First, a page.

While my paintings obviously are "about" people, to me the specific figures on the canvas are secondary to the visual impact I am seeking through line, tone and color. I like to think in musical terms as I design a work: rhythm, tempo, counterpoint. In fact, as I paint, I often play and replay music appropriate to the "beat" I am reaching for: jazz, concert, band or ethnic pieces. Sometimes the figures swirl, sometimes they seem almost still. But they always should "pulse" through variations in scale, color and value. Above all, in the end there must be one "total gesture" integrating the entire canvas. ( Without that I would have a bunch of disconnected "notes" but no "song". ) The total gesture provides vitality, conveying mood and emotion to the viewer.
My people, in the words of an old song, are "on this merry misadventure we call life". They are busy playing the games people play: they dine, sport, dance and sing. Being only human, they betray undercurrents, circling each other, establishing a pecking order of their own; and when "the humor is off them" they clash with each other and glower out at us. That's life and art is its mirror.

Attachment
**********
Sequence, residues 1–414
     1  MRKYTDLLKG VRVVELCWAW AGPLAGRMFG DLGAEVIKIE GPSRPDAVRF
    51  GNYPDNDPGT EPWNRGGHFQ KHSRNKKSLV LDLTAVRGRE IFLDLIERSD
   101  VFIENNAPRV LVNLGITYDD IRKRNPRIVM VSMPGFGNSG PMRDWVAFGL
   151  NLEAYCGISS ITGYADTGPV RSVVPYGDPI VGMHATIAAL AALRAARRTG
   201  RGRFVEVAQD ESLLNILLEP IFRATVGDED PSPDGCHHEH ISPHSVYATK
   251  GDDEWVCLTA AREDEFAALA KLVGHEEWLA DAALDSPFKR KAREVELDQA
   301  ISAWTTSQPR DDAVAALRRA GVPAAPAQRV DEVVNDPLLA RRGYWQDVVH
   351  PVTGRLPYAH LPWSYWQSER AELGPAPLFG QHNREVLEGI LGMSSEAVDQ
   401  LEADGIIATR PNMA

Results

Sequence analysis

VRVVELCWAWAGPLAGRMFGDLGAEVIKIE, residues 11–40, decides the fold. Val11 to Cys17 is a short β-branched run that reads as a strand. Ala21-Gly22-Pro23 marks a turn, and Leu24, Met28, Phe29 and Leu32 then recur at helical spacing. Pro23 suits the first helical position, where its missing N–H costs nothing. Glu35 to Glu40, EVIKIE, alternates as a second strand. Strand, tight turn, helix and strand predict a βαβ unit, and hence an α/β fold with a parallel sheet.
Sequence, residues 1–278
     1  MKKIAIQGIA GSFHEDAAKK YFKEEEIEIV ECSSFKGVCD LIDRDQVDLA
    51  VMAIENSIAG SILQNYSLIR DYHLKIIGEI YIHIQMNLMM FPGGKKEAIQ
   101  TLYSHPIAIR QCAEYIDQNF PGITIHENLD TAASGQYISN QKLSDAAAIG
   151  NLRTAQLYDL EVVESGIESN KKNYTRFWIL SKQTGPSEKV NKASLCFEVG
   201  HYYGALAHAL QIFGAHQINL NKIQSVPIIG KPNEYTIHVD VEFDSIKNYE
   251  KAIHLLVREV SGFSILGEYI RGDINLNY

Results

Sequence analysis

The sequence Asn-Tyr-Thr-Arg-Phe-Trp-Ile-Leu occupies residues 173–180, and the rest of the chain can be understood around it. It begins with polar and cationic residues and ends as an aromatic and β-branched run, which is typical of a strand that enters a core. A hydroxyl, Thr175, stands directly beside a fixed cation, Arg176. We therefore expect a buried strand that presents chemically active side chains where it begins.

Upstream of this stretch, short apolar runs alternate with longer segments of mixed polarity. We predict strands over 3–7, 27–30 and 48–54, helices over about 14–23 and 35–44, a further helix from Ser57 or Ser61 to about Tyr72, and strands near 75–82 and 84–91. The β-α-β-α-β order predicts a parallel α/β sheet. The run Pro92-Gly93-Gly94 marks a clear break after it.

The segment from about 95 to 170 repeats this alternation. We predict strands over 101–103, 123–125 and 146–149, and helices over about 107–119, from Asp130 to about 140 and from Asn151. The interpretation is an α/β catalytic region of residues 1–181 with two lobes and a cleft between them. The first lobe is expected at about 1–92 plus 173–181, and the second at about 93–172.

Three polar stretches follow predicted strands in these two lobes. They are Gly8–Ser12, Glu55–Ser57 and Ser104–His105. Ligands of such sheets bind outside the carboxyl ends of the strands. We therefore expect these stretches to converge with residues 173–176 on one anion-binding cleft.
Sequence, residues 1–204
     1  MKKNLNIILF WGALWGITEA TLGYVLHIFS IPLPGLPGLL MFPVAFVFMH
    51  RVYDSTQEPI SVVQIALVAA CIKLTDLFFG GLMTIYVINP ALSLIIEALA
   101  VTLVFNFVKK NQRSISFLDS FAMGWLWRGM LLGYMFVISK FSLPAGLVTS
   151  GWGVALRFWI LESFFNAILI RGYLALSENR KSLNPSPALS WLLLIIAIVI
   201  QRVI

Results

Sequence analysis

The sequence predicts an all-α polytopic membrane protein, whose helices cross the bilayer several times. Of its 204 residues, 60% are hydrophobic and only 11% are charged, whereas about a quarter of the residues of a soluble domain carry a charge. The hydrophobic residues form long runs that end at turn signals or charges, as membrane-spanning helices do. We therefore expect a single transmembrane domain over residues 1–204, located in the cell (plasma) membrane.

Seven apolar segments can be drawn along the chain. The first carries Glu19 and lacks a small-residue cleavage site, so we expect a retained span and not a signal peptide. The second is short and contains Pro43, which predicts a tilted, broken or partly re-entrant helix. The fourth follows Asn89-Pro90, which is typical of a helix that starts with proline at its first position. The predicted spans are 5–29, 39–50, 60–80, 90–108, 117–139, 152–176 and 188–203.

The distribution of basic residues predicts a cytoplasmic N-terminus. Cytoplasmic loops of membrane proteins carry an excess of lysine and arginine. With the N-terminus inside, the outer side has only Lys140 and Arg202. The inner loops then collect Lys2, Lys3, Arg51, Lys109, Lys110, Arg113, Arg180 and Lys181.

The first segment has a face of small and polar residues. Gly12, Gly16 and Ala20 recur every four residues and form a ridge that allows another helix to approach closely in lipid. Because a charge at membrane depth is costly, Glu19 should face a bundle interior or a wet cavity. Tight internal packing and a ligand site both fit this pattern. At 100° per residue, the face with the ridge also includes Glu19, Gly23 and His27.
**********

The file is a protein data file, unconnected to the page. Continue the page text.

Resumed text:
Since my work comments on the society around us, my general outlook on life inevitably creeps in. Some artists have an edge to their work that is tough and biting. When I try to make some earth-shattering, monumental point, however, the result can be melodramatic and "preachy". So I prefer satire. Because I am more bemused than outraged, I tweak rather than rant, making serious points in a not-so-serious fashion. This style ( coupled with my aversion to "art babble" ) may cause my work to appear as mere diversion. But it draws blood nonetheless! - Bill Moran